On February 25, 2020, he parted ways with UCAM Murcia. One day he signed with Iberostar Tenerife of the Liga ACB. Radončić had his first cap for the senior Montenegrin national basketball team in 2016, while playing in the EuroBasket 2017 qualifiers, he played with Montenegro at the main EuroBasket 2017 tournament. Note: The EuroLeague is not the only competition in which the player participated for the team during the season, he played in domestic competition, regional competition if applicable. List of youngest EuroLeague players Dino Radončić at Dino Radončić at Dino Radončić at Dino Radončić at

Karl Eusebius, Prince of Liechtenstein

Karl Eusebius, Prince of Liechtenstein was the Prince of Liechtenstein. He inherited this title in 1627 from his father Karl I, he was 16 and thus considered underage, his uncles Prince Gundakar and Maximillian acted as regents until 1632. From 1639 to 1641 Karl was Chief Captain of Low Silesia. After the Thirty Years' War Karl restored his dominions economically. Karl was an extensive patron of architecture of the period, see Plumlov Castle, he died in Schwarzkosteletz. Karl married his niece, Princess Johanna Beatrix von Dietrichstein-Nikolsburg on 6 August 1644, they had nine children: Princess Eleonora Maria. Princess Anna Maria. Princess Maria Theresia. Princess Johanna Beatrix. Prince Franz Dominik. Prince Karl Joseph. Prince Franz Eusebius. Princess Cecilia. Prince Johann Adam Andreas. Princely House of Liechtenstein Nevojice Genealogie on line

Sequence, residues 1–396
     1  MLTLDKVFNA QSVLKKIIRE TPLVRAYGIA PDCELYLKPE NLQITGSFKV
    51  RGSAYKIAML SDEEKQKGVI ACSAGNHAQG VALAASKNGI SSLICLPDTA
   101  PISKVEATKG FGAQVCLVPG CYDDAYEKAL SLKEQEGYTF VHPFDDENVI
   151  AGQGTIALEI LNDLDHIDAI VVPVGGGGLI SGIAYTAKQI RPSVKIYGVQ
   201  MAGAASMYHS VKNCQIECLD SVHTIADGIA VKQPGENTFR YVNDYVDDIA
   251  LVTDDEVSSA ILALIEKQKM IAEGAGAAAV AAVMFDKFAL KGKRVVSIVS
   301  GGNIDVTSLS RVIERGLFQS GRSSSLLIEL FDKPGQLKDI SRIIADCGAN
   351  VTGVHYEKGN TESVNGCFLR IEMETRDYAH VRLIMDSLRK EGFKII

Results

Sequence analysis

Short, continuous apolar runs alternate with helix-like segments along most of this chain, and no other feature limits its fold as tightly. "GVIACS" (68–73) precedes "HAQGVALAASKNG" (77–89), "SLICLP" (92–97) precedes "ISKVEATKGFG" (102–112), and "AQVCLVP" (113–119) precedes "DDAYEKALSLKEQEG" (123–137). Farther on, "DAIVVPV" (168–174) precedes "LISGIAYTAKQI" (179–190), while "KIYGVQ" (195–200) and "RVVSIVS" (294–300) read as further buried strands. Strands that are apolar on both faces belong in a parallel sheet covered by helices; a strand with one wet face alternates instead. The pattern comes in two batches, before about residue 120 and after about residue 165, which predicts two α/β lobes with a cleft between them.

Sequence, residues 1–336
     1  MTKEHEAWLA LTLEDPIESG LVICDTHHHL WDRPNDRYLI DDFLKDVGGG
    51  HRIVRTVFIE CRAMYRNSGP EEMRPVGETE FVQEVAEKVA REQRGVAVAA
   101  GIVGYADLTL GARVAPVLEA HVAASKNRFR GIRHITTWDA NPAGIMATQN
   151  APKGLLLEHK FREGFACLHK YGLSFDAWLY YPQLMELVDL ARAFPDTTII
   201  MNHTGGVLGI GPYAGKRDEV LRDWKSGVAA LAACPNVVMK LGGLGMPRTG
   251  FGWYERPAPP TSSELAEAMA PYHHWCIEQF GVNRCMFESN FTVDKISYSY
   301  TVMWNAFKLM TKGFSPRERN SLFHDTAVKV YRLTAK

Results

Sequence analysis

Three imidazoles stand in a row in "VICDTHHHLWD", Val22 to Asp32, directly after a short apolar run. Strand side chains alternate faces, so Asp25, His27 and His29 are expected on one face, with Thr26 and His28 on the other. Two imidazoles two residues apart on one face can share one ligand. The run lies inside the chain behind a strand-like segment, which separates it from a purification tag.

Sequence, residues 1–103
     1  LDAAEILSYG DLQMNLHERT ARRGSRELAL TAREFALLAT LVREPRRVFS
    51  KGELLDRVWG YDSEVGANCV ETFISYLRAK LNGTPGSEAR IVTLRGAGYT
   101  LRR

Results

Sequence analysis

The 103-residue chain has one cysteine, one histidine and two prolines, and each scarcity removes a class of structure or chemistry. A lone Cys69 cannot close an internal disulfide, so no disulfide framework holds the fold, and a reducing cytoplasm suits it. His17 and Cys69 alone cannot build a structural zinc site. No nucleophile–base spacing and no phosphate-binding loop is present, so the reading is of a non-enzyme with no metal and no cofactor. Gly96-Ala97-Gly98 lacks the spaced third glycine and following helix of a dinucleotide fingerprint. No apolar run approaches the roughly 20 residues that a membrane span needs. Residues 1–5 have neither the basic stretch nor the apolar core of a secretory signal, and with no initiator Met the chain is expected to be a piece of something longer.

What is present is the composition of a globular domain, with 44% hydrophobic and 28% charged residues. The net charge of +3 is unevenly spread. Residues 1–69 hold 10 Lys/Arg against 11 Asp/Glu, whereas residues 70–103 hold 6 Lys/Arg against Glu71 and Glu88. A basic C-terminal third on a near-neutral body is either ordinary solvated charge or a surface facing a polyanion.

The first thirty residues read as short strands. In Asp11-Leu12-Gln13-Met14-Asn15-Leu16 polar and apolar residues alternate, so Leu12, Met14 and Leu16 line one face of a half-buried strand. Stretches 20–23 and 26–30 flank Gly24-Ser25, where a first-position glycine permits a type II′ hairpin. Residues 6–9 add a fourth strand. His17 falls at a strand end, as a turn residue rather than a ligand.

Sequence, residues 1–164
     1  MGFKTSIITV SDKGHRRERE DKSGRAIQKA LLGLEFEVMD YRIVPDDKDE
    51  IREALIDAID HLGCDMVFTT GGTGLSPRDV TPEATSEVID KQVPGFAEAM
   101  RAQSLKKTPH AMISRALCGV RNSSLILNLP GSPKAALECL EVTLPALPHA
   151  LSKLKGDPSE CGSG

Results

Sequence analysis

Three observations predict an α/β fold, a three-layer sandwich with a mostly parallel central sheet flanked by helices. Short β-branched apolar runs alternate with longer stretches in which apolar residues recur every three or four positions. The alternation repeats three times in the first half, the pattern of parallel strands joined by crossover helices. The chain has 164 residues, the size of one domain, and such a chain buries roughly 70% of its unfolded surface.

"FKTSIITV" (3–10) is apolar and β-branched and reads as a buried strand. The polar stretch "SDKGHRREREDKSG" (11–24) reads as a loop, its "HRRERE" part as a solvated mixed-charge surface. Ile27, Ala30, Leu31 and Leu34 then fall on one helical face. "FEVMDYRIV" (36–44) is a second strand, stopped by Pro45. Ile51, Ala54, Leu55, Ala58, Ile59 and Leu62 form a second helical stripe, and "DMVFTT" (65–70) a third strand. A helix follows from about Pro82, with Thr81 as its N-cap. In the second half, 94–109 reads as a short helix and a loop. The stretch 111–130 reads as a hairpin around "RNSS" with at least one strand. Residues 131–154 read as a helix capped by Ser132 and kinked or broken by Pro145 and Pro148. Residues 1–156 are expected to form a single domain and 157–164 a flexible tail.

Carajás Mountains